Software

Opera Browser Version 64 Comes With a Built-In Tracker Blocker

By Bill Toulas / October 8, 2019

Opera 64 for the desktop has landed, and it comes with an exciting new tracker blocker that will help users maintain their privacy while hopping from one website to the other. Not only trackers will be blocked now, but the browsing experience will get faster as a result as the users won’t have to wait for trackers to load now. This speed boost can have a very noticeable effect when combined with the ad-blocker, as both of the features are optional and can be turned on and off via a toggle on the settings of the browser.

Today, we have to deal with a ridiculous amount of trackers, as data collection and selling is the gold mine of every tech firm out there. Large corporations pay for affiliation collaborations and collect user browsing data from millions of websites that are seemingly unrelated. For example, this “tracking” is what tells Google ads that you were looking for sneakers on an unrelated website last night. Switching on the tracker blocker will stop this from happening, so you can get a “purer” edition of a website every time you are visiting.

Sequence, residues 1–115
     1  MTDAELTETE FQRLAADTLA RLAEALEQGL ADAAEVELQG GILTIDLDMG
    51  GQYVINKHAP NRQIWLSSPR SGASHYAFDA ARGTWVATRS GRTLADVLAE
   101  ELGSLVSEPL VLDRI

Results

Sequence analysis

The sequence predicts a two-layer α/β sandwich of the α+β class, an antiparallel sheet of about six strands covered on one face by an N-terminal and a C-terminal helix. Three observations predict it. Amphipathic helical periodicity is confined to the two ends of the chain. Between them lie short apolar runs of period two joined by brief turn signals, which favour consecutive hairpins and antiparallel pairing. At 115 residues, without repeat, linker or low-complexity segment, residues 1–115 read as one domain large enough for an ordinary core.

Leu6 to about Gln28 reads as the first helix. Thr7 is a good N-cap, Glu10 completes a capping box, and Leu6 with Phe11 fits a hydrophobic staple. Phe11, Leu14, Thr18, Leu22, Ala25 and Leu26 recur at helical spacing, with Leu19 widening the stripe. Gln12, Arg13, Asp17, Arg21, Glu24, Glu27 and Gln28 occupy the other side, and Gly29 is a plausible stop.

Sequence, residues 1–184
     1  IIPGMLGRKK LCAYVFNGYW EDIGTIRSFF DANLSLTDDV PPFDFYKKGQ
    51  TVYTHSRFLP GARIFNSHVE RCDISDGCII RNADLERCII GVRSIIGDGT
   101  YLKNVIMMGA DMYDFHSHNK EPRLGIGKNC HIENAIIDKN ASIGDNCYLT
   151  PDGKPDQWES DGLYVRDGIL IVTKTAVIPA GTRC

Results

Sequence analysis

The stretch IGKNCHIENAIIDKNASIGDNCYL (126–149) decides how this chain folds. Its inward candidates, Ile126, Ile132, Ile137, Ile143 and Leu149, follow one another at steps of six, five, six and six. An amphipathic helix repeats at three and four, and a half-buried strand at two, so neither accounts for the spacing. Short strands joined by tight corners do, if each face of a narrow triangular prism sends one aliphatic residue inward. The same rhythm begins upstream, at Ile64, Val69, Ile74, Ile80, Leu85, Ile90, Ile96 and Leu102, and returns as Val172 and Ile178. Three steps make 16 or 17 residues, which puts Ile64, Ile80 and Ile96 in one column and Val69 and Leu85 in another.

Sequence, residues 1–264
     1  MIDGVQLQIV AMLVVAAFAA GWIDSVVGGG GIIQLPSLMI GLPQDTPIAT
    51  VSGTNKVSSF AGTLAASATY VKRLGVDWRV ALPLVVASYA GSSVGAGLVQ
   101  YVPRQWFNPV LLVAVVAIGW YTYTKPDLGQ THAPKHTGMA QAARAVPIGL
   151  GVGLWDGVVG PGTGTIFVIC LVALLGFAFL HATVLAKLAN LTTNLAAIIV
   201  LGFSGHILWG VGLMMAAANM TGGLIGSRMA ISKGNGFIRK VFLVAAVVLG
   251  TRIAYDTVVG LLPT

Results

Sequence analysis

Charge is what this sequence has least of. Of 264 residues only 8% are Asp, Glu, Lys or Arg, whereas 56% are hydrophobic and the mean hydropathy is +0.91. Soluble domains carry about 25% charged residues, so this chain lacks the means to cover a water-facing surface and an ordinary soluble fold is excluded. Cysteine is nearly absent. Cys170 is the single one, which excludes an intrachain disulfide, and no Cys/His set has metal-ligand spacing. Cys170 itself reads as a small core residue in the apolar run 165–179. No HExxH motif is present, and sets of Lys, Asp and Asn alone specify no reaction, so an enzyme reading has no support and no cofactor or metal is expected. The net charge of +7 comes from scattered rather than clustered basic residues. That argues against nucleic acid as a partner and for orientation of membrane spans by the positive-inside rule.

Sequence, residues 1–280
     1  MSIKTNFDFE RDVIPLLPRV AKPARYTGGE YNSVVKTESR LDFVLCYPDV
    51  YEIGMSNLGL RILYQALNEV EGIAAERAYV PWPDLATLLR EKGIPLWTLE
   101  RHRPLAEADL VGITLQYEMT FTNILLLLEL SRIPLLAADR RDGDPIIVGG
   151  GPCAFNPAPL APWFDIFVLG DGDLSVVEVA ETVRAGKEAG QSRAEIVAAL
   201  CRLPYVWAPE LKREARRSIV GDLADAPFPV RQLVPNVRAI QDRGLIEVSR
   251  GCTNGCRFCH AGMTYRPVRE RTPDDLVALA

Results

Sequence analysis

Opera_tracker

Source: Opera blogs

The ad-blocker that is also embedded in Opera is helping with web cookies too. Blocking cookies will help speed up the browsing, while also stopping pop-ups from interrupting your media consumption experience. Opera claims that the tracker blocker alone will result in a speed boost of 20%, and when combined with the embedded ad blocker the gains can go up to 76%.

Another new tool that has landed with the latest 64 version is an enhanced screenshot tool that features easy meme-creation capabilities. Click on the screenshot icon next to the address bar, select the window you want to snap, and add text or other effects and graphic elements that will quickly turn it into a meme.

Opera_Snap

Source: Opera blogs

All this comes on top of the free and unlimited VPN offering that is embedded into Opera, and which is even available in the mobile version. Smaller market shareholders like Opera have to do their best in order to differentiate themselves from Chrome, Edge, and Firefox, capture a broader audience and free themselves from financial burdens that they usually address through search engine partnerships. In that sense, Opera, Vivaldi, and Brave are excellent alternatives that offer a lot more power and privacy to their users than what you can enjoy on more mainstream solutions.

Are you planning to give Opera 64 a spin, or is it still not where you’d want it to be? Let us know in the comments down below, or on our socials, on Facebook and Twitter.



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